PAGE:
summons the shade of every village cricket pitch we have ever gazed hungrily upon or glimpsed from a passing car… Both John Peel and John Walters wanted this song played after their deaths. There is scarcely an Englishman who wouldn't wish for the same honour. 
… as those footsteps trace for the last time out of the act
Well this way of life's recollection, the hallowed strip in the haze
The fabled men and the noonday sun are much more than just yarns of their days.
Together with all other cricketers of our generation, I salute him as the greatest player of his age, the greatest attraction the game of cricket has known. Probably he did not make the friends in the game which others did but, possibly he reasoned, he would not have been the player he was had he allowed his concentration to be upset in the slightest manner. He brilliantly and decisively achieved the objective he set himself when he found his feet in first-class cricket – and that was to be, by far, the greatest run getter and the greatest holder of records the game has known. And in achieving this, be it noted, he gave the cricketing man-in-the-street the greatest value he had ever received for his admittance money and he gained the game the greatest publicity it had known. For, indeed, dislike of Bradman is recorded among many of his peers, including teammates from successive generations such as Bill O’Reilly and Keith Miller, his chief nemesis Harold Larwood, and those who later dealt with the man as an administrator, including Ian Chappell. Bradman was revered by the public for his achievements in the game and, such was the zeal felt, detraction was not countenanced in the popular consciousness. Describing this, Ray Robinson takes opportunity to dispel notions of Bradman's sanctity,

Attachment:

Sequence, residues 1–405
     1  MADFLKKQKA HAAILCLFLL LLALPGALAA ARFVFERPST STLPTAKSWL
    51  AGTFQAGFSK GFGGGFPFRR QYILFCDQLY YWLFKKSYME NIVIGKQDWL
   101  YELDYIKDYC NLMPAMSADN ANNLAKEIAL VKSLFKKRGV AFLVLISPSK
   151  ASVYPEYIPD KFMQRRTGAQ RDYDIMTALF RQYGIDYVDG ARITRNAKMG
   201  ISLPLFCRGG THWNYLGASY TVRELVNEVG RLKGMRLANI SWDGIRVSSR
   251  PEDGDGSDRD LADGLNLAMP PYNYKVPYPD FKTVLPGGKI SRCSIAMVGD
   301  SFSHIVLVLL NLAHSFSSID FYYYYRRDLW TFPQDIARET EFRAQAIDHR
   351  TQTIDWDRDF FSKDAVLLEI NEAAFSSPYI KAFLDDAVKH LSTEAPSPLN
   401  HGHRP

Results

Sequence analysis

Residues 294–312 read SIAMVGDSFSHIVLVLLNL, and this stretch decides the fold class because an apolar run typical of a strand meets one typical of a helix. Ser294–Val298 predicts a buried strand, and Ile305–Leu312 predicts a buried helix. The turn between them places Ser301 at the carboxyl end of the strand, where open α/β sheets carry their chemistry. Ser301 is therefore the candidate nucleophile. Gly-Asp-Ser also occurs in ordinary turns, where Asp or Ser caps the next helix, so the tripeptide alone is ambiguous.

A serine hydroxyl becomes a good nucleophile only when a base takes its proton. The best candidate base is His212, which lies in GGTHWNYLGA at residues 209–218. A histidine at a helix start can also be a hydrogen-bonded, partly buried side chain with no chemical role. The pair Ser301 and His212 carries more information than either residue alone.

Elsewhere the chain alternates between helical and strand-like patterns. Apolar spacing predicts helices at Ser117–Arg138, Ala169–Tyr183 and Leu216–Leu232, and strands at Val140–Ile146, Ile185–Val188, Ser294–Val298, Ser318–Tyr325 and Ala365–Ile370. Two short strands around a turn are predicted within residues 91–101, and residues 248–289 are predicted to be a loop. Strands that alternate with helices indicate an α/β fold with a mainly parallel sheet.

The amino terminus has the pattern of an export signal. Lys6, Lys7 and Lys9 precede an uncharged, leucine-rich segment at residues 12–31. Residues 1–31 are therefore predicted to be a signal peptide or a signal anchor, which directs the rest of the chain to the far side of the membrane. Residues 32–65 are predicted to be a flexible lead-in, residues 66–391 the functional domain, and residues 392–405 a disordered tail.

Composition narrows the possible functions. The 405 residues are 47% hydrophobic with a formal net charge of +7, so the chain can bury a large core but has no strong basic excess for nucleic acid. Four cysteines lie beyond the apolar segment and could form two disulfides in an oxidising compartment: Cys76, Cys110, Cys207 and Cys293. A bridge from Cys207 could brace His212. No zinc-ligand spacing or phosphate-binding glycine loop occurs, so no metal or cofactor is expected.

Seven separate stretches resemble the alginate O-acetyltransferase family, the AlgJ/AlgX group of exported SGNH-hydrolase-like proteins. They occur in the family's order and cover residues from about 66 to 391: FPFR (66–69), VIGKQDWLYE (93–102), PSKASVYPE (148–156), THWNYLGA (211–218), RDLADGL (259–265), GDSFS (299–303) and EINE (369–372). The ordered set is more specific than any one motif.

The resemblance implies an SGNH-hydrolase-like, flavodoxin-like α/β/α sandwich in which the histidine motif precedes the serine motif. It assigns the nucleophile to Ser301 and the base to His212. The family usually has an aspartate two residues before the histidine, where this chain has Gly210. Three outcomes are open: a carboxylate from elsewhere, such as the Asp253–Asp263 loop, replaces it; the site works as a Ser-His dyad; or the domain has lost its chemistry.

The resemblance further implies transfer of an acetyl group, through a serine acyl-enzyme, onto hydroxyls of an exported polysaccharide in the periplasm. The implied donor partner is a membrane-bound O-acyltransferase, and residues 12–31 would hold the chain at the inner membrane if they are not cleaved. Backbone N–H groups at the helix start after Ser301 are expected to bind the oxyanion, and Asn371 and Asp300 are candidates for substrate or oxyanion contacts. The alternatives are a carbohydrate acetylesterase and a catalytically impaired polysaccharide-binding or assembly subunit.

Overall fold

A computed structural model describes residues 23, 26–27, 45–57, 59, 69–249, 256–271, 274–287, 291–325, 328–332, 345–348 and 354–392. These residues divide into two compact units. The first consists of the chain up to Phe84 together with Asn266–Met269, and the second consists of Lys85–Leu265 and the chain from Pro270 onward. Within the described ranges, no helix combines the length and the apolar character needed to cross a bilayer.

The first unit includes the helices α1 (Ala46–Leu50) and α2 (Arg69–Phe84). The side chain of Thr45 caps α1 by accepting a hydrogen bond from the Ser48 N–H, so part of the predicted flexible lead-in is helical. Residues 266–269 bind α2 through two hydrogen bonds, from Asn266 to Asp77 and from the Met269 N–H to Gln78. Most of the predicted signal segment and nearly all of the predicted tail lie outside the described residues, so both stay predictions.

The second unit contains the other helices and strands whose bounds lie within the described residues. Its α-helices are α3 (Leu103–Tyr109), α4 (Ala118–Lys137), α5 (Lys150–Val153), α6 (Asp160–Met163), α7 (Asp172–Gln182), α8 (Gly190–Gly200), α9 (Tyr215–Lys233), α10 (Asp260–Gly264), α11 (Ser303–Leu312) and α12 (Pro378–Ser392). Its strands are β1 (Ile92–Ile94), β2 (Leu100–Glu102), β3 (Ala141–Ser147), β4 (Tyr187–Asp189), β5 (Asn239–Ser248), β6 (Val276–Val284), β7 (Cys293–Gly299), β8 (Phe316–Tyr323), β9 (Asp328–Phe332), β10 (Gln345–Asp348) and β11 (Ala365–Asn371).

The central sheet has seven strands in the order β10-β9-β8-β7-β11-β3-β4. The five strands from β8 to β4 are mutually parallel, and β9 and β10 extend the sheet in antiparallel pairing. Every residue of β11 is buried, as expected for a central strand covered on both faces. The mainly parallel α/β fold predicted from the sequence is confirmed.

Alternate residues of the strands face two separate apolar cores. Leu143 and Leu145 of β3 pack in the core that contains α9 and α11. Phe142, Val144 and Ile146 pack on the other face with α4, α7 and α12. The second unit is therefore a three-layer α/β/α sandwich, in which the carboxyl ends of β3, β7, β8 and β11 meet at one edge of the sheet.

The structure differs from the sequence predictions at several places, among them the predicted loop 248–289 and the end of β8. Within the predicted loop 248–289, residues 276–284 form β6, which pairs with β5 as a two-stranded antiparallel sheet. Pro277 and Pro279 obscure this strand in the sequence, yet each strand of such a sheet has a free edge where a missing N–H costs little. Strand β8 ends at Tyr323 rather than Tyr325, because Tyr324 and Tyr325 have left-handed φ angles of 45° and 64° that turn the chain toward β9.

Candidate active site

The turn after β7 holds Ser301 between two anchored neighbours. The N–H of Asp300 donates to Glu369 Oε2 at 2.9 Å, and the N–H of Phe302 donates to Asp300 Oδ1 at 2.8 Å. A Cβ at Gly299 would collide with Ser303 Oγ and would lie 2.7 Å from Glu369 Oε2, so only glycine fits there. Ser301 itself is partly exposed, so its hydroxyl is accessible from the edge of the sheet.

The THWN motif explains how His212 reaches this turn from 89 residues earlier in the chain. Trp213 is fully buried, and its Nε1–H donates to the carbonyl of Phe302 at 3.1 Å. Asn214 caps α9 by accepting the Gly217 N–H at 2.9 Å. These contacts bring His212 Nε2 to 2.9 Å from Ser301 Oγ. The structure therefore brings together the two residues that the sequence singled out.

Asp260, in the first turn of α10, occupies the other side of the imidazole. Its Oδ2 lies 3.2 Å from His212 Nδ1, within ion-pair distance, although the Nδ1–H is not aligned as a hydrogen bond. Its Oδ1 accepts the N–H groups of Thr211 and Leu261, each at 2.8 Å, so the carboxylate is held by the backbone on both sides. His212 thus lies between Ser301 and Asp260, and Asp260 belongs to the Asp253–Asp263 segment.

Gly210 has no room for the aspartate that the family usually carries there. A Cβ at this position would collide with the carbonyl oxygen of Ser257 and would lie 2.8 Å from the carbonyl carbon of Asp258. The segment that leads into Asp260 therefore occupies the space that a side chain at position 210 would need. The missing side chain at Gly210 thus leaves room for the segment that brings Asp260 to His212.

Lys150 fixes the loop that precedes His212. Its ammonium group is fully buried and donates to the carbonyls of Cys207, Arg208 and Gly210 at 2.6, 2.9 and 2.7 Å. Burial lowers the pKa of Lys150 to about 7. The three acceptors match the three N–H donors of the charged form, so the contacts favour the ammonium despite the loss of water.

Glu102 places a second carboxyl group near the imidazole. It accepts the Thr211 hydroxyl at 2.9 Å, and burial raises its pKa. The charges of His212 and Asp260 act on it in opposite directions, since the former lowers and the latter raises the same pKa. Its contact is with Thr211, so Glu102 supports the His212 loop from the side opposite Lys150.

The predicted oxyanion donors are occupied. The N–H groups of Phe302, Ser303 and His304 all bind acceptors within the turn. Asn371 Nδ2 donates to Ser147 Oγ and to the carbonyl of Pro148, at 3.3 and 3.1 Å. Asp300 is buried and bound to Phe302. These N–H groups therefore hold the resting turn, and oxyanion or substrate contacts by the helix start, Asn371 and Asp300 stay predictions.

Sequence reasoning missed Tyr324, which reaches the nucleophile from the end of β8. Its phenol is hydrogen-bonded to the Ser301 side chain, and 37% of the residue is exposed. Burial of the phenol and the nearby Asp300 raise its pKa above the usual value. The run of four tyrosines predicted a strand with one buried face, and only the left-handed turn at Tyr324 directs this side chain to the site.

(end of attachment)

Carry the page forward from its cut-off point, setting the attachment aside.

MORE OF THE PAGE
As in other walks of life, especially business and politics, swift ascent of the ladder of success is apt to have perils. Fingers on the rungs have a way of getting in the path of ambitious boots...
Criticism tended to make the bulk of Australians close ranks behind their national hero. In allowing no shadow to settle on Bradman's image, a couple of his most devoted admirers showed less concern about casting shadows elsewhere. They disposed of fault-finding by simply blaming other players' jealousy. With a few exceptions that was a slur on a bunch of team-men of oft-proved sportsmanship. Arrows from the untiring bows of a couple of ex-player writers caused defenders to lean far the other way, as if all Don's attributes were akin to those of a saint. Did Bradman have faults? You bet he did! Through his pre-eminence, Bradman became a man of the establishment. Through his persuasion he dictated terms to them and, in time, their own policy. Establishment figures are generally remembered in their best aspect and Bradman is by no means unique in this. Fellow knights Pelham Warner and Gubby Allen were notable players and influential administrators who are generally recalled with fondness, rather than for the fact that they were great snobs who arbitrarily handled the careers of many. A decisive class above Warner and Allen, though, Bradman was a champion, supreme in ability and concentration.